Then there's the whole gift giving thing.  I love buying presents for people.  I put a LOT of time and effort into it.  It doesn't always work out quite as well as I would hope.  And that hurts me more than you know.  Because I do want you to love what I get you, but if we've known one another for a long time, odds are that at some point, I'll misfire on the choice I make.  For example, last year I thought I just slayed it with the gift I got one family in particular.  The father didn't like his part and had his daughter ask me how he could return it.  Don't tell me that!  Just go exchange it for something you like.   Or at least thank me for the effort first.  I was crushed.  You know, my mom got me stuff often that I didn't care for because it was her tastes, not mine, but I always knew a lot of love and effort went into it, so I appreciated all of that useless crap for that reason.  I still have some of it because I look at it and it reminds me that someone loved me enough to do something for me (some of it I dumped like a hot potato as soon as I could, but the point is:  she never knew).  That's not to say you have to keep something I gave you that you don't want, but understand that the lack of appreciation for the effort cuts like a knife.  Think about that as you respond to your loved one's gifts this year.

And that's the other thing:  when did gift giving become such an obligation?  There are people who plan to send us gifts this year who really can't afford it, but feel like they have to.  No, you don't.  I have so much stuff already.  You can just tell me you can't do it.  Or pick one of those charities I listed and send them $10 in my name.  Lifting that weight of guilt off my shoulders would do more than you know.  If I send you something, then accept that it's because I want to and don't feel like there is a quid pro quo.  But please also know that I had my own challenges this year.  My gifts are not as elaborate as they have been in the past.  Please, please, don't be offended by that or feel slighted.  Honestly, I think we've all lost the whole point of the season in our material world.  And I include myself in that.  But, you know what I really, really want?  Just your friendship.  It's been a hard year.  I feel lonely sometimes and a little afraid about what my future will hold.  Sometimes I could use a shoulder - even if it's just virtual.  That doesn't cost you much.  Just be there for me when I need it.  That's the greatest gift of all.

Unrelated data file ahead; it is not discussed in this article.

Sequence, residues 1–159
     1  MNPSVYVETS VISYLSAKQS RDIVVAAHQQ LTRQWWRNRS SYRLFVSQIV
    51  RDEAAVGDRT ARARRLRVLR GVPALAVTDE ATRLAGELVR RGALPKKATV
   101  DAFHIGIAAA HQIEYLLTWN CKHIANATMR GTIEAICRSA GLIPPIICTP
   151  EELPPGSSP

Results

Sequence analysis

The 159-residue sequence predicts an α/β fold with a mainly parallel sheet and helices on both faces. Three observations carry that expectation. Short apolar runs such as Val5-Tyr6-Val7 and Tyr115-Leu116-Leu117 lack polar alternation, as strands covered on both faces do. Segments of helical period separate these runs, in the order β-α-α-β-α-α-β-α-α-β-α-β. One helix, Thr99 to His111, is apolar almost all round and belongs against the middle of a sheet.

For the first time in over 30 years, I will face the holidays without Greg by my side.  That's a little depressing.  I'll confess that I began this holiday season in a rotten, rotten mood as a result.  It's been hard to figure out what to write to you and give you any sense of holiday cheer.  But, I've been contemplating the life and death of Nelson Mandela since I heard the news and pondering how a white woman on another continent can best honor the great man's memory.  I've decided it's by trying to embody the lessons his life taught us.  There are many to choose from.  But for me, now, at this moment, it's not to give up on hope and give in to despair.  Therefore, I plan on squaring my shoulders, holding my head up high and being thankful for the things I do have:  my beautiful daughter Marissa, healthy now and sober, my pets, the roof over my head and the food in my pantry (tiny as it may be).  I am grateful that I am fortunate enough to have come to Pittsburgh and found the place where I truly belong.  I thank all of you for what you have been to me and my family over the years.  I am blessed in my friends.  And while I don't see them much, I am ever so grateful for my mom's family, who accept me as one of their own.  I will rejoice in Sidney Crosby's 3 assists and Marc Andre Fleury's 44 saves against one of the best teams in hockey and choose not to despair a football season in shambles.  I hope much the same for all of you.  Hug the family around you tight and realize that they are your real gift, not that material stuff under the tree.

Much love, Cheryl"

Tum Tum posed the question, "What?  You mean these aren't all mine?"